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Accessing Pods with Services

Accessing and exposing Pods with Services

Pods are supposed to be temporary or short-lived. Once they crash, they are gone, and the ReplicaSet ensures to bring up a new Pod to maintain the desired number of replicas.

Let's say we are running a web frontend in a container within Pods. Each Pod gets a unique IP address. However, due to their temporary nature, we cannot rely on that IP address.

Let's create a deployment that runs a web frontend:

apiVersion: apps/v1
kind: Deployment
metadata:
  name: web-frontend
  labels:
    app.kubernetes.io/name: web-frontend
spec:
  replicas: 1
  selector:
    matchLabels:
      app.kubernetes.io/name: web-frontend
  template:
    metadata:
      labels:
        app.kubernetes.io/name: web-frontend
    spec:
      containers:
        - name: web-frontend-container
          image: learncloudnative/helloworld:0.1.0
          ports:
            - containerPort: 3000

Comparing this deployment to the previous one, you will notice we changed the resource names and the image we are using.

One new thing we added to the deployment is the ports section. Using the containerPort field, we set the port number website server listens on. The learncloudnative/helloworld:0.1.0 is a simple Node.js Express application.

Save the above YAML in web-frontend.yaml and create the deployment:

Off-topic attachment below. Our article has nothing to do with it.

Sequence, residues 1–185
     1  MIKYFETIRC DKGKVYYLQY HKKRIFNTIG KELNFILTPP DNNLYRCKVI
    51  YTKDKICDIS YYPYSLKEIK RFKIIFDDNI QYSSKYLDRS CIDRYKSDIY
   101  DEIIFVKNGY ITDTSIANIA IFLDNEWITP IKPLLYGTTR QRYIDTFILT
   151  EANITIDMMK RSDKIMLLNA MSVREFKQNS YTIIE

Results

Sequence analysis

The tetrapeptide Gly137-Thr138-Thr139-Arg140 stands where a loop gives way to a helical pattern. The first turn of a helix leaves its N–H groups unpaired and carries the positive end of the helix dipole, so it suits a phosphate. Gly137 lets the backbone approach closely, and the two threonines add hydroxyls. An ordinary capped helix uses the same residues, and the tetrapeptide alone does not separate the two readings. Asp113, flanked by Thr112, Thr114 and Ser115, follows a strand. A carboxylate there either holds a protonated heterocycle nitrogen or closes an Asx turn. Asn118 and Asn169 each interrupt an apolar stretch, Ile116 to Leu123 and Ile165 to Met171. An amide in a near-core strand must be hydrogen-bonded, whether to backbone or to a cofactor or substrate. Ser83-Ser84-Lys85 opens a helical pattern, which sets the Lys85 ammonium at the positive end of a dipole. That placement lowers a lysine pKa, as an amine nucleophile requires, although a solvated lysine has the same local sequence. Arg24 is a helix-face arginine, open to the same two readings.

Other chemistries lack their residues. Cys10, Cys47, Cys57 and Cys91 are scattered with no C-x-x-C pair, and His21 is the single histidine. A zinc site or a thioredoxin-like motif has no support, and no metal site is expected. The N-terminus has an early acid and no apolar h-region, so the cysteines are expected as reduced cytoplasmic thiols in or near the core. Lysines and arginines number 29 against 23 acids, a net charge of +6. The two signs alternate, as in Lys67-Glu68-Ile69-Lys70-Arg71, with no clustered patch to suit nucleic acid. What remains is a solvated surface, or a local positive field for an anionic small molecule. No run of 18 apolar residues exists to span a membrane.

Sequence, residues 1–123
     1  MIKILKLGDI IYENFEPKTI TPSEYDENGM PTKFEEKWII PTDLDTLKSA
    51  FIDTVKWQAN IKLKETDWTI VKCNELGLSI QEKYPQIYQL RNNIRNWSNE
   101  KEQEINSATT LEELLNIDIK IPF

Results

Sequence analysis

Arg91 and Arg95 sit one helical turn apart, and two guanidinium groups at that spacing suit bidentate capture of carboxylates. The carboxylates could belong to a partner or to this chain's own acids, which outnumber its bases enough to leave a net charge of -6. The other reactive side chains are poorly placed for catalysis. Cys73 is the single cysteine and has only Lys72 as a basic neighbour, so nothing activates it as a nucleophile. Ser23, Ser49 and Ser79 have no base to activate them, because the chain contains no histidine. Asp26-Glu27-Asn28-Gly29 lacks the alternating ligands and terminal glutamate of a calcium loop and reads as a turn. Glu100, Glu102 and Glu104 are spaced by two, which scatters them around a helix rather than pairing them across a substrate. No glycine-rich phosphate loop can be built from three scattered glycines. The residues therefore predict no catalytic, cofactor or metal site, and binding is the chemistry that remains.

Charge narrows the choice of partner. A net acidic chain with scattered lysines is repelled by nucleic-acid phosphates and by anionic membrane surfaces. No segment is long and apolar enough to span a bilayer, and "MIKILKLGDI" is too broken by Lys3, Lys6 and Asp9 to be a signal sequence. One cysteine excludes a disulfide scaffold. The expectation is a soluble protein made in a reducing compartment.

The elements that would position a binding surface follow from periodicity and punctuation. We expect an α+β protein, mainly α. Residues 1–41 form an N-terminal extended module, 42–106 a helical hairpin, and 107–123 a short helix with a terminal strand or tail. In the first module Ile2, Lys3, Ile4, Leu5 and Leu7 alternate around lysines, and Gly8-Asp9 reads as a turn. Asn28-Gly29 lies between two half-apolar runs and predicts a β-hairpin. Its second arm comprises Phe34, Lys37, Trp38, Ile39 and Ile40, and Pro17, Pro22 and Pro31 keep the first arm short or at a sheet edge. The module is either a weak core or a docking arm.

$ kubectl apply -f web-frontend.yaml
deployment.apps/web-frontend created

Run kubectl get pods to ensure Pod is up and running and then get the logs from the container:

$ kubectl get po
NAME                          READY   STATUS    RESTARTS   AGE
web-frontend-68f784d855-rdt97   1/1     Running   0          65s

$ kubectl logs web-frontend-68f784d855-rdt97

> helloworld@1.0.0 start /app
> node server.js

Listening on port 3000

From the logs, you will notice that the container is listening on port 3000. If we set the output flag to gives up the wide output (-o wide), you'll notice the Pods' IP address - 10.244.0.170:

$ kubectl get po -o wide
NAME                            READY   STATUS    RESTARTS   AGE   IP           NODE       NOMINATED NODE   READINESS GATES
web-frontend-68f784d855-rdt97   1/1     Running   0          15s   172.17.0.4   minikube   <none>           <none>

If we delete this Pod, a new one will take its' place, and it will get a brand new IP address as well:

$ kubectl delete po web-frontend-68f784d855-rdt97
pod "web-frontend-68f784d855-rdt97" deleted

$ kubectl get po -o wide
NAME                            READY   STATUS    RESTARTS   AGE   IP           NODE       NOMINATED NODE   READINESS GATES
web-frontend-68f784d855-8c76m   1/1     Running   0          15s   172.17.0.5   minikube   <none>           <none>

Similarly, if we scale up the deployment to four Pods, we will four different IP addresses:

$ kubectl scale deploy web-frontend --replicas=4
deployment.apps/web-frontend scaled

$ kubectl get pods -o wide